In a further attempt to improve outreach, participation and transparency, ICANN has built a remote participation website for its São Paulo meeting, which commences December 2, at http://sp.icann.org/. The site is being run as a pilot with a view to making it a permanent feature of ICANN meetings in the future. ICANN has commissioned Kieren McCarthy, a well-known journalist and ICANN observer, to develop the site, following his involvement in a similar site (http://igf2006.info) for the Internet Governance Forum in Athens in November.
Laws designed to curb the environmental impact of computer parts will disrupt complex global supply chains unless companies themselves are more stringent, says Gartner.
The UN meets to discuss how to tackle the growing problem of dumping of electronic waste in Africa.
The Internet Industry Association (IIA) has joined the chorus of voices warning of the dangers of the Federal Government's planed copyright law amendments. See http://iia.net.au/index.php?option=com_content&task=view&id=519&Itemid=32 for the IIA news release.
eu: EU says more than half e-mails are spam (USA Today/AP)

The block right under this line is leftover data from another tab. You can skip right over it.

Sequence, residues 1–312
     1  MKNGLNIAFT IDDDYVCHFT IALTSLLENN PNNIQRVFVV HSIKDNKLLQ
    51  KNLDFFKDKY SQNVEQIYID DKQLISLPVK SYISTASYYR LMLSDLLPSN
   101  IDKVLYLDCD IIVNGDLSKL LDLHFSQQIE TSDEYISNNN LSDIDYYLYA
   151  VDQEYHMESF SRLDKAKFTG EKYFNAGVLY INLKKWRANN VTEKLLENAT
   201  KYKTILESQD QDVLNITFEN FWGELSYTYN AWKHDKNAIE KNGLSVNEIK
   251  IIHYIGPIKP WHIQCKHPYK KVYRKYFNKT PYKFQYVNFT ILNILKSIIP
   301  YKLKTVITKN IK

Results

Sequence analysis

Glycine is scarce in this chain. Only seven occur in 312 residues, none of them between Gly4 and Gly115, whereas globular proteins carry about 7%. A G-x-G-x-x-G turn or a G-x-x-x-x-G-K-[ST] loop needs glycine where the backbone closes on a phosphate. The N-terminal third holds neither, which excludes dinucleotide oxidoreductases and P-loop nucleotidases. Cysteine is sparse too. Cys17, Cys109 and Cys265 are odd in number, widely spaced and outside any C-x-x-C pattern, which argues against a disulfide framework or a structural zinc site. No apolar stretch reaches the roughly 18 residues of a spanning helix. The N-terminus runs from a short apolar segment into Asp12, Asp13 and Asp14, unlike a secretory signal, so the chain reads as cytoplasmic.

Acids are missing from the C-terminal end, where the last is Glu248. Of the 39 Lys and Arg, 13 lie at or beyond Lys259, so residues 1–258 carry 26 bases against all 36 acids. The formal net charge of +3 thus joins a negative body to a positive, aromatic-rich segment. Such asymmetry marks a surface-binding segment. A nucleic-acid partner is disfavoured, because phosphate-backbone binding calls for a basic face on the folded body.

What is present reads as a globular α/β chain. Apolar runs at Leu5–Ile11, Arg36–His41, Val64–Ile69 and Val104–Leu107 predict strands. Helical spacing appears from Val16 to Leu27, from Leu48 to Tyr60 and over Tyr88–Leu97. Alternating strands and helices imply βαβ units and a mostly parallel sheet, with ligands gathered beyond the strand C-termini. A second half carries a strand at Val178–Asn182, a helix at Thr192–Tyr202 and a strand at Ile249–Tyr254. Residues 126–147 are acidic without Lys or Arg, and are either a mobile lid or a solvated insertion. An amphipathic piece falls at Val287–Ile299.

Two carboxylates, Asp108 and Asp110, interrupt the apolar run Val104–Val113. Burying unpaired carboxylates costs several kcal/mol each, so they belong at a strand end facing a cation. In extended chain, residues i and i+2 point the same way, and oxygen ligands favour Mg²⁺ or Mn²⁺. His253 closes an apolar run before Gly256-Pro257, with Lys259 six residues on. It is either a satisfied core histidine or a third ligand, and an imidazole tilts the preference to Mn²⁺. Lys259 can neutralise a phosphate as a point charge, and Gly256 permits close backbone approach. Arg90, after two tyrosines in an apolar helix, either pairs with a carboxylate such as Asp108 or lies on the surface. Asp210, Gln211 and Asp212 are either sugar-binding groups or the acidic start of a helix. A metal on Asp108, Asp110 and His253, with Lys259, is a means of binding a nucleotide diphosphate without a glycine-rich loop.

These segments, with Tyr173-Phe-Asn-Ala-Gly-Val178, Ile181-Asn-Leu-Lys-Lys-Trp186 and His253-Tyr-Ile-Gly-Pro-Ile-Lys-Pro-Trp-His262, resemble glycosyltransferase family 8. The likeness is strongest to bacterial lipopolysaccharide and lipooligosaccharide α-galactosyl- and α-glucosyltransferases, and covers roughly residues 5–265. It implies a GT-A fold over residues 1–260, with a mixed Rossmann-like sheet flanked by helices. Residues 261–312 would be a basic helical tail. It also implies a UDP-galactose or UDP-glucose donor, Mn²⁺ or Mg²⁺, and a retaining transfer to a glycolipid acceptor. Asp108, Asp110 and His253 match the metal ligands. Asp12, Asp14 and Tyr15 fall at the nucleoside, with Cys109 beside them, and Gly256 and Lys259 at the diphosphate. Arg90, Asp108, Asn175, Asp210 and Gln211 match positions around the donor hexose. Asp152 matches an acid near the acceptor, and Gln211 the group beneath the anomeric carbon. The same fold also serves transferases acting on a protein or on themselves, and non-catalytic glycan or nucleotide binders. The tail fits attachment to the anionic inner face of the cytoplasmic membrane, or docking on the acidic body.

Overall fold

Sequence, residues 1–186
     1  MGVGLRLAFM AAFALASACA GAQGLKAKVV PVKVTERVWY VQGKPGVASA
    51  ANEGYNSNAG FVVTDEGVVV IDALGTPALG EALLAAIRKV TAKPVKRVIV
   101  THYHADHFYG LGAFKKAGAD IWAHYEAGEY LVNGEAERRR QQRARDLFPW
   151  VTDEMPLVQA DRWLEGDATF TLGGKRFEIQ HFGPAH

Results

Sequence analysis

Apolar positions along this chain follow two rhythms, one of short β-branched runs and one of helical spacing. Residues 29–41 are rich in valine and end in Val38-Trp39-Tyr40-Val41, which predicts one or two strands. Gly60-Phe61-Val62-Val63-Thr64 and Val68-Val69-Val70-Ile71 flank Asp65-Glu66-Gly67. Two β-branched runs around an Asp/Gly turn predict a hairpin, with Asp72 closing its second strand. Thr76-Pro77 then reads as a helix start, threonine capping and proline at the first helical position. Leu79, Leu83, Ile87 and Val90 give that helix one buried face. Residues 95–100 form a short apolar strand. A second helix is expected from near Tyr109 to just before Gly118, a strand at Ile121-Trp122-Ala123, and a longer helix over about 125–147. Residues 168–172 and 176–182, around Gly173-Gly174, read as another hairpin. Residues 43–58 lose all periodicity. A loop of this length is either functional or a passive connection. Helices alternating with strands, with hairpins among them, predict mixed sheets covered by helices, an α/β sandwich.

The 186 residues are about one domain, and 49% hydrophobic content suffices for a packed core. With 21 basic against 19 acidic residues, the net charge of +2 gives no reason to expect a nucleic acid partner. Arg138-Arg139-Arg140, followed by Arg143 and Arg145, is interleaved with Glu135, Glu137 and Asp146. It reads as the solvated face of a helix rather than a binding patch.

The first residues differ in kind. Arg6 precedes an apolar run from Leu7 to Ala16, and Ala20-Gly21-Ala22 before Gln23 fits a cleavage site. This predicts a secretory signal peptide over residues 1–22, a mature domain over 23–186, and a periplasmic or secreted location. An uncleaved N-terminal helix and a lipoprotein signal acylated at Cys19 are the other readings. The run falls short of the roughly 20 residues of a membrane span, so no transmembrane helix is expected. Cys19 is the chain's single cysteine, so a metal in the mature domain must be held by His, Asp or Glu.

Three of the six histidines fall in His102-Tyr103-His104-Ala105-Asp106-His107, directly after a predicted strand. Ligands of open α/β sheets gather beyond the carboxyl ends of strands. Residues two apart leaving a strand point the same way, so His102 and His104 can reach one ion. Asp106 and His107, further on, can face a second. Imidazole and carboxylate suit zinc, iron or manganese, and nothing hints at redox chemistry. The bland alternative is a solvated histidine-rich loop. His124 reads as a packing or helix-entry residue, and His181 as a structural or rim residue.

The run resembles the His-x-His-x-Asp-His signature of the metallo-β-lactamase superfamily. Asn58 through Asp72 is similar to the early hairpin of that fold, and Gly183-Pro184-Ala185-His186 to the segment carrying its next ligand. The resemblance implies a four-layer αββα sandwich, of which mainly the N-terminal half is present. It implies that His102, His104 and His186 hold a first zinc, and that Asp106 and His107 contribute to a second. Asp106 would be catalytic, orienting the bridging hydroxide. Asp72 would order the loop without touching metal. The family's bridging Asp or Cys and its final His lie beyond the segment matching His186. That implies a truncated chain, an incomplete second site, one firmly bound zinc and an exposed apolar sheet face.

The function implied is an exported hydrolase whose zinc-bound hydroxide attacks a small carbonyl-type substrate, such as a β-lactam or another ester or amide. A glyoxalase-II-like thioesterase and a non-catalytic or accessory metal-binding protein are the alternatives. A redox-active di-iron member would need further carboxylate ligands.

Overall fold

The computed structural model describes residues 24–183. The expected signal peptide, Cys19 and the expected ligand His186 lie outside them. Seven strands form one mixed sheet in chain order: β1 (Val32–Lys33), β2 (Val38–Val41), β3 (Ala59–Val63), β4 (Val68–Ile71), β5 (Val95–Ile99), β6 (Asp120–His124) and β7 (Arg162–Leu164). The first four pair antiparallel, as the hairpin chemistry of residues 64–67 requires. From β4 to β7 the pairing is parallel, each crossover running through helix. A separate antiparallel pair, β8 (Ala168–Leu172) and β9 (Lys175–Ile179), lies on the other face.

Unsolicited e-mails continue to plague Europeans and account for between 50 and 80% of all messages sent to mail inboxes, the European Commission said.
Study: 1 in 5 parents say kids online too much, though no effect on grades either way (Sydney Morning Herald/AP)
One in five American parents believe their kids are spending too much time on the Internet, though most say the online activities haven't affected grades either way.
Almost half of people who regularly watch online video spend less time watching TV, a survey suggests.
Like the Internet before it, it looks like mobile's content explosion could be set off by porn. Adult content on mobile devices will be worth $3.3 billion by 2011, up from $1.4 billion this year, according to industry analysts JupiterResearch.